McGrath does not have ‘a shred of sorrow’ for former justice minister

House resumes debate on Guerin report which precipitated Shatter’s resignation

Mattie McGrath: “good riddance to bad rubbish”.  Photograph: David Sleator

Mattie McGrath: “good riddance to bad rubbish”. Photograph: David Sleator


for former minister for justice Alan Shatter.

“He did not respect An Garda Síochána. He would not go to the conference he was invited to attend and he whinged when he was not invited to the other conferences.”

Mr McGrath said the former minister was entitled to his faith and he had chosen not to attend a conference because he was going to honour that faith.

“He is entitled to do that but if a Catholic minister or a minister of another denomination did that they would be run out of the country and destroyed by the media.”

He said that while he did not wish Mr Shatter any bad luck, it was “good riddance to bad rubbish”.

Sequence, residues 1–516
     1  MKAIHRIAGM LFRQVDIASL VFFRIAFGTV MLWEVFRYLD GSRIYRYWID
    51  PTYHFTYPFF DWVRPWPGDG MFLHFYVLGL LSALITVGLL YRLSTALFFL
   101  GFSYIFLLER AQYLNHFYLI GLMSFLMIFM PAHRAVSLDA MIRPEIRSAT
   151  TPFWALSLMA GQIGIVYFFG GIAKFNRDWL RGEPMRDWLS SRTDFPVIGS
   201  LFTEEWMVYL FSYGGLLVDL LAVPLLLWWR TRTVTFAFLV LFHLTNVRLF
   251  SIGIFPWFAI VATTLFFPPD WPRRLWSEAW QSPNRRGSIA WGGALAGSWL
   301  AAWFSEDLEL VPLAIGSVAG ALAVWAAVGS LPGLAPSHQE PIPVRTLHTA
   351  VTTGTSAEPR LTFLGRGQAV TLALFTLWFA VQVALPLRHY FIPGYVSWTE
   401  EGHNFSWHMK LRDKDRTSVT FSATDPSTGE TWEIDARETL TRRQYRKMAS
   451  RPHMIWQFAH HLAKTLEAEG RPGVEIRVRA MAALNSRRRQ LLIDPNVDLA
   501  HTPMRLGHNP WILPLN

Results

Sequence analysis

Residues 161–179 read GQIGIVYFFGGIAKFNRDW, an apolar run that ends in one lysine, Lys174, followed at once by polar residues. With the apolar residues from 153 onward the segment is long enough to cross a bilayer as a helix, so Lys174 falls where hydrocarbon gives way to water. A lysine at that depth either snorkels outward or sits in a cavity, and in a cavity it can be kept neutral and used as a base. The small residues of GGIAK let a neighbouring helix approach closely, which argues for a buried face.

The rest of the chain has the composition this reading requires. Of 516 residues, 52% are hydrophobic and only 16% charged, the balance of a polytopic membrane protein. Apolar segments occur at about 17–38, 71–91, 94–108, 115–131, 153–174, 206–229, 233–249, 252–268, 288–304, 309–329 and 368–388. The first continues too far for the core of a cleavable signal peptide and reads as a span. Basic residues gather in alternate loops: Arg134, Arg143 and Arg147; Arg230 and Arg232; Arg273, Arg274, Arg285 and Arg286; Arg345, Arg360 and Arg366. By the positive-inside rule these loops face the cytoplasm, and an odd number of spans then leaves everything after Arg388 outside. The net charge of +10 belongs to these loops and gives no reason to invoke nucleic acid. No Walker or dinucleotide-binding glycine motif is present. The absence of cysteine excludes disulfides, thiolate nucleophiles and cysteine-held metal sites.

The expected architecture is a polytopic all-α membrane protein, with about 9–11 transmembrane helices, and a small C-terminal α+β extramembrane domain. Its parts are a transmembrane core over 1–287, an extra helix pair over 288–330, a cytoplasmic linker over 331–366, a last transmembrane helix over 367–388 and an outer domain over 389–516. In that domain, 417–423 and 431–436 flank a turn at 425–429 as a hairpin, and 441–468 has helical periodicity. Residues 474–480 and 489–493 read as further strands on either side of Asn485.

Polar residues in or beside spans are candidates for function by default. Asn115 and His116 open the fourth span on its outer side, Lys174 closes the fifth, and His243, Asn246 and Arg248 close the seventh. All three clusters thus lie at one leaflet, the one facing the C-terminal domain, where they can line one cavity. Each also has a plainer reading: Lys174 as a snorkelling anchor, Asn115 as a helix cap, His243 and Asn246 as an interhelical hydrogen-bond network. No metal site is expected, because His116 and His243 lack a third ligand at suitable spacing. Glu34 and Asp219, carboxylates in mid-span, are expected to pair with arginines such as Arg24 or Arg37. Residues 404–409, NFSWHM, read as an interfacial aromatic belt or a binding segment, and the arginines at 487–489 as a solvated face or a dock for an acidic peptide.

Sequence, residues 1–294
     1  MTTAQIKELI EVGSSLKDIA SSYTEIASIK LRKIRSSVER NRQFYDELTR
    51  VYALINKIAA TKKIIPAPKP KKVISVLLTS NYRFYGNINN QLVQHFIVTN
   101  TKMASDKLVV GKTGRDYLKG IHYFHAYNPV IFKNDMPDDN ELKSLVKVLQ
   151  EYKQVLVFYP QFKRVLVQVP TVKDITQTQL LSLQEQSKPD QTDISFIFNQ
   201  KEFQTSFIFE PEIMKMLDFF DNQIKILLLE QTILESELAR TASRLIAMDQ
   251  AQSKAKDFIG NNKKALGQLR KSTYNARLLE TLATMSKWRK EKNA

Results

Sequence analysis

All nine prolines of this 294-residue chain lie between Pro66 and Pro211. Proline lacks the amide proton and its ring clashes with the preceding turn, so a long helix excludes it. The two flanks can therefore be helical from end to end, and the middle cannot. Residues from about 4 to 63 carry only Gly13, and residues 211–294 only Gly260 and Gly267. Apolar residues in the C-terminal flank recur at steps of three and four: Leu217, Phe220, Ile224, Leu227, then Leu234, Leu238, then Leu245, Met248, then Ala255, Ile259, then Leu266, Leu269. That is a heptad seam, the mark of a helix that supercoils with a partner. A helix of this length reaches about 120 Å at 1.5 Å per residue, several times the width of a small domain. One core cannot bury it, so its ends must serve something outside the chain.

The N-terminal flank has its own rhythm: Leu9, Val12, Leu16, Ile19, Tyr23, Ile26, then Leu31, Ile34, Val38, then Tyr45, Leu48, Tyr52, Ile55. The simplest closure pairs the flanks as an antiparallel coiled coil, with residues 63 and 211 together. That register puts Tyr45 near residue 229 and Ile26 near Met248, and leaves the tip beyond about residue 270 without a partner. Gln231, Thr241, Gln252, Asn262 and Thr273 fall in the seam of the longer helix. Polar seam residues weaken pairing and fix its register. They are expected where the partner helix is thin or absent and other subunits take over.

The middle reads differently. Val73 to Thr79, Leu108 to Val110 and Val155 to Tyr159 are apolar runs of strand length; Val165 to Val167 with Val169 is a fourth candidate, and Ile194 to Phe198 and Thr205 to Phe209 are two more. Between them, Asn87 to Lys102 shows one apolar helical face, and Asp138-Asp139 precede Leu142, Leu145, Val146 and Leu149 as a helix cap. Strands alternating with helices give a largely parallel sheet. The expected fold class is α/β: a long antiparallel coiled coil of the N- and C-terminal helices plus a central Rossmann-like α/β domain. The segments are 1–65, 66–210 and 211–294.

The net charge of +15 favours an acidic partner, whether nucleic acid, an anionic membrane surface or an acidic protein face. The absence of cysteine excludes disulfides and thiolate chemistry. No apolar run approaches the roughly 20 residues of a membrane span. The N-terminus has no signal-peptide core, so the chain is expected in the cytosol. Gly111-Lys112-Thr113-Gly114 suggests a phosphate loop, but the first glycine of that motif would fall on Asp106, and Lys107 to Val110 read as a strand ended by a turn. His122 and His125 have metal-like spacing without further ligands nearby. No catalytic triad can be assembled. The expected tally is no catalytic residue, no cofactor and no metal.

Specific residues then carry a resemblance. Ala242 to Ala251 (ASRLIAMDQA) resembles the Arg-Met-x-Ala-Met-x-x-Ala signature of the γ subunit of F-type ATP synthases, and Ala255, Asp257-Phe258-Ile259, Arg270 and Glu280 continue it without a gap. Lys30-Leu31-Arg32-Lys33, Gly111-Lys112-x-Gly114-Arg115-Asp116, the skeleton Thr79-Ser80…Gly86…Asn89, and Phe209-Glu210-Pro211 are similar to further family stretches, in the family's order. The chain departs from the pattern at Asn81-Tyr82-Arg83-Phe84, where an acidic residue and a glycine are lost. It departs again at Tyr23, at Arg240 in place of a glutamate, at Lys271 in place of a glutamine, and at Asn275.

Jerry Buttimer (FG) said the report was deeply disturbing. “There can be no ambiguity surrounding the men and women of An Garda Síochána.” He paid tribute to those gardaí who did tremendous good and put their lives at risk every day.

Mr Buttimer said it should not be forgotten that “only a short few years ago particular members of this House were part of an organisation which threatened to undermine An Garda Síochána and the State”.



He said the report had highlighted not just the failings of one or two individuals but a failure at senior level to investigate complaints of malpractice and corruption submitted to the Department of Justice by serving members of the force.

Simon Harris (FG) said the department required examination. “While I acknowledge the work ethic of many people within that department it is fair to ask whether its current form and its relationship structures with An Garda Síochána are fit for purpose in 21st century Ireland. ”